This sermon is part of the sermon series "Seeing and Obeying Christ". See series.
Years ago Clarence Jordan started an interracial Christian community, Koinonia Farm, down in Georgia. He suffered greatly for his stand, but on one occasion he was getting the red-carpet treatment from a fellow pastor who was showing Jordan his brand new church building. The fellow showed Jordan the rich wood pews and decorations, all the rooms and comforts. As they walked outside, the sun was setting and a spotlight shown on a huge cross atop the steeple. "That cross alone cost us $10,000," the pastor said. "You got cheated," Jordan said. "There were times when Christians could get them for free."
We have an uneasy relationship with the Cross. We honor the Cross of Christ, to be sure, but the fact is the cross gets in the way. In the middle of Mark's Gospel, after all that the disciples had heard and seen from Jesus, there is a miracle moment when Peter's blindness was healed. "Who do you say I am?" Jesus asked, and it was as if cataracts were removed from Peter's eyes. "You are the Christ!" Right here with us all along! How blind could we be? You're God's Son, the one God promised to send to deliver us and bring us peace. "You are the Christ!" And then the Cross got in the way. Mark 8:31-33:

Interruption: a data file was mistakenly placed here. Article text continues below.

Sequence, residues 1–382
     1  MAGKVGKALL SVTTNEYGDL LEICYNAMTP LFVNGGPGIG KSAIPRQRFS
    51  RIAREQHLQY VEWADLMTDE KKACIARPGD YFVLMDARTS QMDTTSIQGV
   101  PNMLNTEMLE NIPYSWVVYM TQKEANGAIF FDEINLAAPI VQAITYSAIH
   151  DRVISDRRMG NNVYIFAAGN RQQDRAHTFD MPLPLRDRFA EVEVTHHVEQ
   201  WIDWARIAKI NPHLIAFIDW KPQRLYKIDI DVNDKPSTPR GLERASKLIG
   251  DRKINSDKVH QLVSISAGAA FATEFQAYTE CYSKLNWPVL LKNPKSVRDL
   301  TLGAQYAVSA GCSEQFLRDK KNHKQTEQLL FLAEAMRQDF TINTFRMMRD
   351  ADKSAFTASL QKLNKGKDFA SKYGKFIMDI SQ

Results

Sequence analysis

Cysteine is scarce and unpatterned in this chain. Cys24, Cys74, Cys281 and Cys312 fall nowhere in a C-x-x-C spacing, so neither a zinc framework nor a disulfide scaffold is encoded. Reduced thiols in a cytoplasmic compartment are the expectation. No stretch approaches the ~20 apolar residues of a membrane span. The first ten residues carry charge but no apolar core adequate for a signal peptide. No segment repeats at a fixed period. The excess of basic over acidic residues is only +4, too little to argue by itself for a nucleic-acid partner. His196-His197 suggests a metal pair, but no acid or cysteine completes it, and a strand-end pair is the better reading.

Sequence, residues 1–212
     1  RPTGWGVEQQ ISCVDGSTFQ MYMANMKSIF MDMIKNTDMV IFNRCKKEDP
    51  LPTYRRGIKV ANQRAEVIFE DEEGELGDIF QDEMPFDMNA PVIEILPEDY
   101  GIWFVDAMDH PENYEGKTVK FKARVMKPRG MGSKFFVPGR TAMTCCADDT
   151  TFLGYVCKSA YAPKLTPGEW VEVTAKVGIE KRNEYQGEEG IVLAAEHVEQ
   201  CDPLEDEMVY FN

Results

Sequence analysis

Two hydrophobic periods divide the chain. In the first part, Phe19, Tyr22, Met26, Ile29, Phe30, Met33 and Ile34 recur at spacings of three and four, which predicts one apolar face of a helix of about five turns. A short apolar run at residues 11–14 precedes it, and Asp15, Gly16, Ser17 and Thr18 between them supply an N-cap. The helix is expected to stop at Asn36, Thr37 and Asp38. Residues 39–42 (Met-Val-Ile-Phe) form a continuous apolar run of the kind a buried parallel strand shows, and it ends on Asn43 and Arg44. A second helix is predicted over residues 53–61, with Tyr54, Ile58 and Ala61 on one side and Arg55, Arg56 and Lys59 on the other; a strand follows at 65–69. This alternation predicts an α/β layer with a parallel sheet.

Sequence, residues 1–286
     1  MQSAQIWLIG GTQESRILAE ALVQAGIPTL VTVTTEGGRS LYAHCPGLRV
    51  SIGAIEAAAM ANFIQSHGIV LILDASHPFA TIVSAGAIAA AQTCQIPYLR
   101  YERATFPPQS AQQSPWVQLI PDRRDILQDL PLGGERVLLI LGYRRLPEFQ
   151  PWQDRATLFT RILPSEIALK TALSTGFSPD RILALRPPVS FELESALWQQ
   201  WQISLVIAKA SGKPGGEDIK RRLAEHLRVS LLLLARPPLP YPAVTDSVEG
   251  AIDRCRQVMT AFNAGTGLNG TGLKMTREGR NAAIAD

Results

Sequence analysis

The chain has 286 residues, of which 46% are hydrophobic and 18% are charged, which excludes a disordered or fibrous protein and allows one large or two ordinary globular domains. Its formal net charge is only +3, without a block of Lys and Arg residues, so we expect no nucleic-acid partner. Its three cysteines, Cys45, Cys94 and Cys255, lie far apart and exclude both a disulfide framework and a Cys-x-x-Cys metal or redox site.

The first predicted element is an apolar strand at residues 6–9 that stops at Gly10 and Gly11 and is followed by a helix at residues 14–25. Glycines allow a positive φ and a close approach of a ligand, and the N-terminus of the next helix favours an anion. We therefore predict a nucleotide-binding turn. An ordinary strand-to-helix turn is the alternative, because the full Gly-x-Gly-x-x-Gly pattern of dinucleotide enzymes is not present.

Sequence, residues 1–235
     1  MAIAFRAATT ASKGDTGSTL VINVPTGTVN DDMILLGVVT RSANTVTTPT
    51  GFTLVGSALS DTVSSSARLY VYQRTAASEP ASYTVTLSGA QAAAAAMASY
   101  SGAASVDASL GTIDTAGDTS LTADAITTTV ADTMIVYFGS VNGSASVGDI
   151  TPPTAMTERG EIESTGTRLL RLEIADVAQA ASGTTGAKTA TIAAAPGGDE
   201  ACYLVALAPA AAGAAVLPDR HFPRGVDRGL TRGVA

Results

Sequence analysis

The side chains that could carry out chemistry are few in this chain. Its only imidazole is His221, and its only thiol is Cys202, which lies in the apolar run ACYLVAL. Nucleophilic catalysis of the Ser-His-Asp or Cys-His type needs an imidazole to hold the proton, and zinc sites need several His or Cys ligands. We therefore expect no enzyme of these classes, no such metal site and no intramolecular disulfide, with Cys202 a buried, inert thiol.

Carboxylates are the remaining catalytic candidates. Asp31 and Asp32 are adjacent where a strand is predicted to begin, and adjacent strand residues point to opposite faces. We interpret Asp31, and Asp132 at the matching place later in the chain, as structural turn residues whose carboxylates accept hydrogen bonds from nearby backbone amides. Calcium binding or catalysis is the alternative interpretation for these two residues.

He then began to teach them that the Son of Man must suffer many things and be rejected by the elders, chief priests and teachers of the law, and that he must be killed and after three days rise again. He spoke plainly about this, and Peter took him aside and began to rebuke him. But when Jesus turned and looked at his disciples, he rebuked Peter. "Get behind me, Satan!" he said. "You do not have in mind the things of ...
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Lee Eclov recently retired after 40 years of local pastoral ministry and now focuses on ministry among pastors. He is the author of Feels Like Home: How Rediscovering the Church as Family Changes Everything and Pastoral Graces: Reflections on the Care of Souls (Moody Publishers), as well as being a frequent contributor to Preaching Today and CT Pastors. To learn more about his Pastors' Gatherings visit www.leeeclov.com.